But this one, Lessons In Love, sounds perfectly gorgeous, the little I heard—it’s classic Songbook stuff—and I’m dying to have it. It’s Lance Ellington’s strong clear vocals and fundamental John Wilson Orchestra through and through. Trouble is, it apparently went through a limited pressing so available copies run from 115 American bucks upward. How can a record only 13 years old be a collector’s item already??
Lance Ellington is the son of English bandleader/singer Ray Ellington, who I know only as that weird singer on The Goon Show who mangled my favorite Charles Trenet song, “Boum”, even though I yelled at him through the computer screen not to do it. Lance is great, though. He teamed up with John and Orchestra for their 2014 Cole Porter album doing the song “Now You Has Jazz” and that album won the Echo Klassik Music Without Borders Prize. (My beloved’s big smile at 4:23.)
Diahann Carroll and Richard Kiley are the American lovers in Richard Rodgers’s No Strings, 1962. Above: “The Sweetest Sounds”.
No Strings opened on Broadway in 1962 and ran for 580 performances. Rodgers got the idea for casting a black actress in the star role after seeing model-turned-actress Diahann Carroll on The Tonight Show, feeling that the casting spoke for itself and any specific references to race in the play were unnecessary. “Rather than shrinking from the issue of race,” said Rodgers, “such an approach would demonstrate our respect for the audience’s ability to accept our theme free from rhetoric or sermons.” The script was by Samuel A. Taylor, who wrote the play Sabrina Fair and adapted the book D’entre les morts by Boileau-Narcejac for the Hitchcock film, Vertigo.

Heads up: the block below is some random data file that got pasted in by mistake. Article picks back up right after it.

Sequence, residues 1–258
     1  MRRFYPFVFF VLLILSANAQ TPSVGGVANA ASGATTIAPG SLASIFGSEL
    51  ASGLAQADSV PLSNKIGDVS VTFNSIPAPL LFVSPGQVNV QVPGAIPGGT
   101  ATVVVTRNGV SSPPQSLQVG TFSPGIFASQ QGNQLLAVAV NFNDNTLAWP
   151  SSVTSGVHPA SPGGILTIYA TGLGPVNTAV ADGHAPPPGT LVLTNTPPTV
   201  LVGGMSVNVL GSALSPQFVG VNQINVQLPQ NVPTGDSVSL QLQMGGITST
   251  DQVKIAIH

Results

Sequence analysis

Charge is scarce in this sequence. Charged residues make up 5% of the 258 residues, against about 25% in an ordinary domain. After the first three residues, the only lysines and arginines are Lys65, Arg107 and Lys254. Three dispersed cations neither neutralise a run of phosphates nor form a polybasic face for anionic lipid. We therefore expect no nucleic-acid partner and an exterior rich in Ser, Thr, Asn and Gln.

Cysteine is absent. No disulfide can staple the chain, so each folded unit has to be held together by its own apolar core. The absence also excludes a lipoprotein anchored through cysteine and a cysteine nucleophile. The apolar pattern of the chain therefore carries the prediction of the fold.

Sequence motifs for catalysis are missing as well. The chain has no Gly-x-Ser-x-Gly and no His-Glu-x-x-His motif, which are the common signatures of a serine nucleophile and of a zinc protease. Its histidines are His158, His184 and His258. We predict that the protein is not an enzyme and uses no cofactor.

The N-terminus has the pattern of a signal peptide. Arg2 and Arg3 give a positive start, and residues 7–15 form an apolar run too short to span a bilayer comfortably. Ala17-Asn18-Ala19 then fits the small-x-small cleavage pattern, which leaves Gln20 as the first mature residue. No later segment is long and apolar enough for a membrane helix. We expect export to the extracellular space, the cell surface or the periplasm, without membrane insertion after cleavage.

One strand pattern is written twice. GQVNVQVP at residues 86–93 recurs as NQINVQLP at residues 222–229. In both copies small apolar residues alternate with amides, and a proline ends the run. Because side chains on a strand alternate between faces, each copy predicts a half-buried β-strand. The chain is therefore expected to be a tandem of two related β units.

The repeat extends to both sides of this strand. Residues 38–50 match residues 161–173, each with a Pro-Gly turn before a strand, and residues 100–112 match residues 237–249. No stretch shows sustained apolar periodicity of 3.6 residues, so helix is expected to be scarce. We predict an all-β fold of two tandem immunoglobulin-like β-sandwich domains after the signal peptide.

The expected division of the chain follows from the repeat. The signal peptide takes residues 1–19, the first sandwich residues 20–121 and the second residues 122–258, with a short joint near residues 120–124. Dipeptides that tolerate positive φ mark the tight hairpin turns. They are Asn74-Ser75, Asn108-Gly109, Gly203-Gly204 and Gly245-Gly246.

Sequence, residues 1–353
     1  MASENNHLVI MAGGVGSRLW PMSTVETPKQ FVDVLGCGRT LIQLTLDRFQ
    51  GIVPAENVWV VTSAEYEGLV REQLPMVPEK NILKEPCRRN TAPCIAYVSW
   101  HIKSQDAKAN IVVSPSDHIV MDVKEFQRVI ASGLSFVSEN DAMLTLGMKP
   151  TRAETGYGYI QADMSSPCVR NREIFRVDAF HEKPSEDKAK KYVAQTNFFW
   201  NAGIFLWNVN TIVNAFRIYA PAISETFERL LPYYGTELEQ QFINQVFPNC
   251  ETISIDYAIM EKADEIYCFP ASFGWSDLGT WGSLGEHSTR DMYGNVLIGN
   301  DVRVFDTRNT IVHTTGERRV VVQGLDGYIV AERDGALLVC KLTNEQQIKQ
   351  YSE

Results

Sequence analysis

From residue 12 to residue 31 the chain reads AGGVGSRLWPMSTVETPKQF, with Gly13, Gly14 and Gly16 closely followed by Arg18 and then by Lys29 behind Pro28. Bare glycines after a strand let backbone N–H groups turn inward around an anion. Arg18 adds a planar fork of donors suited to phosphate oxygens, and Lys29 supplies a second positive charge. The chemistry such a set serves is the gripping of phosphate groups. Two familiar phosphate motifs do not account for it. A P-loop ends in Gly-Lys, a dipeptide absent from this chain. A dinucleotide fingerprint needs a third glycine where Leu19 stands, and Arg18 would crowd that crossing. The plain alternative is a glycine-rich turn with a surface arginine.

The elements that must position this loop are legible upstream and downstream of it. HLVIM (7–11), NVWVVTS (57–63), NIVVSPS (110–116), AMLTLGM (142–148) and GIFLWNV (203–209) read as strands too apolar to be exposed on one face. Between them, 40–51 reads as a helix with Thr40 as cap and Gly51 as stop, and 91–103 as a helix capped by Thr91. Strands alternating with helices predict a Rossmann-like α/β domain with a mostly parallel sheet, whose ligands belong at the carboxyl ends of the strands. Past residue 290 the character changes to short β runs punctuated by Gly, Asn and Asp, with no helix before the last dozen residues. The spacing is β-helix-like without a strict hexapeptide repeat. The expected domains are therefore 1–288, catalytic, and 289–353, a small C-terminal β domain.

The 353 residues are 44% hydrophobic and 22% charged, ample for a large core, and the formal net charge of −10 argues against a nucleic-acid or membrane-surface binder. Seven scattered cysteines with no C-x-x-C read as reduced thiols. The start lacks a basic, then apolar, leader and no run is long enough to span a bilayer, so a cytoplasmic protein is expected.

Considered too risky by Broadway investors, the first production was almost entirely financed by Rodgers himself. Following out-of-town engagements in Detroit, Toronto, Cleveland and New Haven, No Strings finally opened at the 54th Street Theater on 15 March 1962. It was generally welcomed by the New York critics; at season’s end, it was nominated for nine Tony Awards, winning three: for Joe Layton as choreographer, for Diahann Carroll as Best Actress in a Musical, and for Rodgers for his score.
Upon seeing the 2003 No Strings revival at Encores! The New York Times‘s Ben Brantley wrote: “The revelation of No Strings is that one of songwriting’s greatest collaborators had it in him to fly high on his own. And fly high he did. No Strings deserves to be better known than it is. The music is youthful and jazzy, almost a throwback to the Rodgers of Rodgers & Hart. The lyrics range, frankly, from serviceable to as good as they get. The relationship between the two leading characters at the heart of this musical is in the fine tradition of the attracting opposites found in all the Rodgers & Hammerstein shows, and the emotional stakes are as real today as they were in 1962.”
As the title hints, there’s no string section in this pit. In fact there’s no pit: The musicians are all on stage, playing and occasionally making appearances in the story. The orchestrator Ralph Burns eventually did record an orchestration with strings for his own band, but I haven’t heard it.